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The 911 committee recommended that the services of the Kentucky State Police should be used to provide emergency dispatch for Spencer County. Committee Chairman Nathan Nation told fiscal court Wednesday that state law enforcement dispatchers could not only provide better services than the current contractor, but at a much lower cost.
Initial estimates put the price tag at $89,000 – roughly the expense for KSP to hire two employees to help handle the additional call volume. The county’s present contract with Marlene Cranmer is on budget to costing $133,250 for the 2009-10 fiscal year.
Signing a contract with KSP would “be the answer to all our needs,” said Nation.
Local police, EMS and firefighters would have immediate access to technology that would make their jobs safer and more efficient – technological advances such as computerized mapping, automatic vehicle identification and location, and law enforcement access to LINK/NCIC, a system that tracks fugitives, criminal records and call histories to specific addresses.
Residents would see a benefit as well, said Nation. Instead of experiencing a delay when 911 calls via cell phone are routed through KSP and then to local dispatch, emergency services could receive calls directly. Certified KSP dispatchers could also provide emergency medical instructions to callers while waiting for help to arrive – something the current contractor does not have the training to furnish, said Nation
Judge Executive David Jenkins said he wanted to see a detailed description of the services KSP intends to provide before acting on the recommendation.
“It would be irresponsible to say that we’re going to make a decision today. We need more information than what we have here,” said Jenkins.
The judge executive proposed organizing a meeting with Taylorsville Mayor Don Pay and attorneys representing the two governmental agencies to work out any legal details. In the meantime, Jenkins asked 911 committee members to begin the process of developing standard operating procedures that would spell out each emergency agency’s jurisdiction and duties.
Jenkins told the committee that he could only sign a contract on behalf of the county and that any agreement with KSP must be approved by other entities that will be using and paying for their services. Jenkins was primarily referring to the City of Taylorsville, but suggested that the Taylorsville-Spencer County Fire Department might also be included in that arrangement.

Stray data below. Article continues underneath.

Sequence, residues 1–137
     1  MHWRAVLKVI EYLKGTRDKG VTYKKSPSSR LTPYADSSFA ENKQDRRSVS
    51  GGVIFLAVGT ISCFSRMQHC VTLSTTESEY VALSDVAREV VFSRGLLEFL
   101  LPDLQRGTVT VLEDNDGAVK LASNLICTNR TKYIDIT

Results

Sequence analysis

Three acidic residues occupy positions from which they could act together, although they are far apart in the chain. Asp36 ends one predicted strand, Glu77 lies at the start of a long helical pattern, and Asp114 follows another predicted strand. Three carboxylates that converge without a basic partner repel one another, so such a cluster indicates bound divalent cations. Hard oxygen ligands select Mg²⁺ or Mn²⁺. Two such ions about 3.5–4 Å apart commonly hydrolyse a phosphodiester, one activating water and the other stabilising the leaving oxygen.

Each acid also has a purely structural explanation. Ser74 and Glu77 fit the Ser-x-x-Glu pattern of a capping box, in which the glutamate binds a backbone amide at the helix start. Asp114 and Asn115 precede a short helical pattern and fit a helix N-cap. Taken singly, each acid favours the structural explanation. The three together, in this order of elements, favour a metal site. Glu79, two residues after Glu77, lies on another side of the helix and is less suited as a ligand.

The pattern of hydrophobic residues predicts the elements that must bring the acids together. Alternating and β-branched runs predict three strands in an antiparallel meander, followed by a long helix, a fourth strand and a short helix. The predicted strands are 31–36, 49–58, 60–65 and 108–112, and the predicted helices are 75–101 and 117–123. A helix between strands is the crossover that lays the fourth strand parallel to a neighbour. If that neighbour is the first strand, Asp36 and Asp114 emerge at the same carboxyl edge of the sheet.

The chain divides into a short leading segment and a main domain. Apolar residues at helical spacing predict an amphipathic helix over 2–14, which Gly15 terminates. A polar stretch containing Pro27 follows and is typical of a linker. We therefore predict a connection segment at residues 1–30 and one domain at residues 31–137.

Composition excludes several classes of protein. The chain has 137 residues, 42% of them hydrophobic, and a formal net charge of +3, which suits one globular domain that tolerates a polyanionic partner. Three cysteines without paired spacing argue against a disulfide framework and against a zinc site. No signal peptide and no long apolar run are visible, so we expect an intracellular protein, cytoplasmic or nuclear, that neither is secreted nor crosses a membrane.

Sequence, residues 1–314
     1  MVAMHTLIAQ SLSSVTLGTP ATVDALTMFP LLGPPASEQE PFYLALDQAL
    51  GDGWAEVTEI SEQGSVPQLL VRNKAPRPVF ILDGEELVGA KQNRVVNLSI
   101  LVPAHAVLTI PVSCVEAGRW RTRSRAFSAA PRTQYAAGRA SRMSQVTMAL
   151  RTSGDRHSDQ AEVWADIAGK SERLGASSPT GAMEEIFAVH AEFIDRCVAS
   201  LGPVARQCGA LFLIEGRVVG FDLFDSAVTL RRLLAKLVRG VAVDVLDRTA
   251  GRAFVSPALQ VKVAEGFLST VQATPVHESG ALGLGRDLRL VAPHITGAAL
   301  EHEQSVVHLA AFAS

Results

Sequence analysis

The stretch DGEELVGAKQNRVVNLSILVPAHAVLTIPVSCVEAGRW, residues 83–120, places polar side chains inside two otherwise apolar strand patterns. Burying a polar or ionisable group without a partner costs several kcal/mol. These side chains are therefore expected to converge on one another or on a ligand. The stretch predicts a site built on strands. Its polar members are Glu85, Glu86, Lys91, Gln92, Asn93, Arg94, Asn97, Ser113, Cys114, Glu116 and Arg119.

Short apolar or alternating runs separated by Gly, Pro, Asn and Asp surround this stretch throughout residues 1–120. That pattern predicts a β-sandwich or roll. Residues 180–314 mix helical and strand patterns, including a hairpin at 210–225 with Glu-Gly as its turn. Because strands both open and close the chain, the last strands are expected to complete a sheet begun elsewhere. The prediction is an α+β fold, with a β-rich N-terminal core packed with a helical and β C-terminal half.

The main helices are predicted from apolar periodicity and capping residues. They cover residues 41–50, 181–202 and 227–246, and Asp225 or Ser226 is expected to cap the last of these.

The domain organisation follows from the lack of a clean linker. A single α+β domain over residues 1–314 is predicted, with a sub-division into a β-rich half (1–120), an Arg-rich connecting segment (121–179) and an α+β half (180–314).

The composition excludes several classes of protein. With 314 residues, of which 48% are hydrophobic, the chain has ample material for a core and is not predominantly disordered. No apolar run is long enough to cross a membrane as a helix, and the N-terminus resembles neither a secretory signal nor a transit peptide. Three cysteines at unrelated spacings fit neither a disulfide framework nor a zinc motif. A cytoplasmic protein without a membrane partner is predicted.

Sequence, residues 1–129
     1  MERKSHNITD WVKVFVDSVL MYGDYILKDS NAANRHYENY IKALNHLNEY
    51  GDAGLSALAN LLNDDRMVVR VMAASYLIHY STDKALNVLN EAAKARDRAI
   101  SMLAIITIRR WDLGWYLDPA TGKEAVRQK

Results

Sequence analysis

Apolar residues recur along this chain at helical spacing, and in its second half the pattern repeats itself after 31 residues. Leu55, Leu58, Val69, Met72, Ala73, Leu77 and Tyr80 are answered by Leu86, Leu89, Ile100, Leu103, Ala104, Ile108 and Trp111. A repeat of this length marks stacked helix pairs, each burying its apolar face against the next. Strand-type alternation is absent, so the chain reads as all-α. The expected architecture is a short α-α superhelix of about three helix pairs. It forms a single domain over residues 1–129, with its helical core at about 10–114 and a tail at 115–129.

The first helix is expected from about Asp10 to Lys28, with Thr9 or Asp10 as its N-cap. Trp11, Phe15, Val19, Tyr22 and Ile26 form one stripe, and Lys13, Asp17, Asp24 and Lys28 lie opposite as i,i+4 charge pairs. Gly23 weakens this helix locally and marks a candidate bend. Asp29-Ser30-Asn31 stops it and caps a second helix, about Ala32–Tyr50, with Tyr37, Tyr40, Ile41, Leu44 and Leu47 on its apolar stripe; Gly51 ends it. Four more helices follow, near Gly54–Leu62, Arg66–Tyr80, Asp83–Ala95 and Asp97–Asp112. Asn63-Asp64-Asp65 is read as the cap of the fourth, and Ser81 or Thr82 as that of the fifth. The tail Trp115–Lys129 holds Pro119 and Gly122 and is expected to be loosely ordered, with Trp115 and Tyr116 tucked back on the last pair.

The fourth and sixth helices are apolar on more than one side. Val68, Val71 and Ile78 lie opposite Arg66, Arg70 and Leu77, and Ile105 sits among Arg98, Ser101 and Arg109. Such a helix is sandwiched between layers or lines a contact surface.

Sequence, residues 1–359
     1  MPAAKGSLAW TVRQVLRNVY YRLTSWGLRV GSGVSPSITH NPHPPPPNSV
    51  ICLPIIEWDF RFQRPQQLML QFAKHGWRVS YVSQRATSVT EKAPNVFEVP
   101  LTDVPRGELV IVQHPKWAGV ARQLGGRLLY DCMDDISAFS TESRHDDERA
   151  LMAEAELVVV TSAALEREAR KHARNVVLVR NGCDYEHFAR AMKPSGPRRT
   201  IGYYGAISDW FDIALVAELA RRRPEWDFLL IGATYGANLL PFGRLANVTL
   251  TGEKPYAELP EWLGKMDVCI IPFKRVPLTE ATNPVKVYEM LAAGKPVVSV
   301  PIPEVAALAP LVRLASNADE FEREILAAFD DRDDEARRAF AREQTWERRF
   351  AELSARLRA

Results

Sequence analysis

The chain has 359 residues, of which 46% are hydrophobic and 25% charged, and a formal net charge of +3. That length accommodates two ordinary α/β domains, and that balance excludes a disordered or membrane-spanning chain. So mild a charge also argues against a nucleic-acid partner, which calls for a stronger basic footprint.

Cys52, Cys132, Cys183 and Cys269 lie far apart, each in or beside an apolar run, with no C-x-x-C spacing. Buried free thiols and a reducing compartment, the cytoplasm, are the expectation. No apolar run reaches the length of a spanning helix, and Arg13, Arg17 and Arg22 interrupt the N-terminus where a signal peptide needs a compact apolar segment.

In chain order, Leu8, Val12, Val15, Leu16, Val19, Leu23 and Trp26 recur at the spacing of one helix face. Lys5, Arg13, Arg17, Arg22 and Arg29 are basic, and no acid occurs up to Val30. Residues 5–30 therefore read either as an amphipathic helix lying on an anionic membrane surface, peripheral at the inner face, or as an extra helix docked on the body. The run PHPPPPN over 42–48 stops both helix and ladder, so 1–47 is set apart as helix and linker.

Nation said after the meeting that this was the first time anyone expressed that the fire department should help fund 911 dispatch services.
“When 911 was established, it was the county that set it up. It’s the county’s responsibility and the city just pays into it,” said Nation. He said that other agencies, such as the Kentucky Department of Fish and Wildlife, Kentucky Humane Society and private wrecker services benefit from the use of 911, and no one has suggested that they pay.
Commissioner Kathy Spears raised the issue again Thursday at a city commission meeting.
“Why are we paying $35,000, the county is paying $27,000 and the fire department pays nothing? Why has your dispatching been free? The fire department is getting just as much benefit from this,” said Spears.
Nation accused Spears of distracting from the issue.
“Our committee addressed the issues and what we proposed was fair,” said Nation.
The total expense incurred by 911 in Spencer County amounts to $182,250. This figure includes Cranmer’s contract for services at $133,250; $36,000 to AT&T for 911 phone and equipment services; $8,000 for maintenance and utilities; and $5,000 for office supplies.
Jenkins said that in addition to the $120,000 received each year in 911 fees, the city pays the county $35,000 – primarily for dispatchers to answer after-hours water calls from customers. Any remaining 911 expenses are the responsibility of the county, said Jenkins. Currently, that amount is running $27,250 annually.
Nation said the county could use the $120,000 in 911 surcharges to fund dispatch services and still have money remaining for other related expenses. The committee’s proposal, however, was for the city and county to reduce their contributions to $25,000 each so that local communication equipment could be updated. The committee also recommended that a 911 board be permanently established to provide oversight of 911 funds.
Jenkins said the issue could be discussed again at the March 1 fiscal court meeting.